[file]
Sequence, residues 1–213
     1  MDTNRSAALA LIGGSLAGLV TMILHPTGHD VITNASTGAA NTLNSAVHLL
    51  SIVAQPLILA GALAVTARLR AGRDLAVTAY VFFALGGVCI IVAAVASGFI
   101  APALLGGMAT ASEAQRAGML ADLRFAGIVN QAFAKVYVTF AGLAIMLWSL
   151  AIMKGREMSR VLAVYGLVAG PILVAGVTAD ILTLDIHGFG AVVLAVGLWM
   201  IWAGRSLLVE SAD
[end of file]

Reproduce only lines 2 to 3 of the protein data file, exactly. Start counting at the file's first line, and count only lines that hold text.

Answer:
     1  MDTNRSAALA LIGGSLAGLV TMILHPTGHD VITNASTGAA NTLNSAVHLL
    51  SIVAQPLILA GALAVTARLR AGRDLAVTAY VFFALGGVCI IVAAVASGFI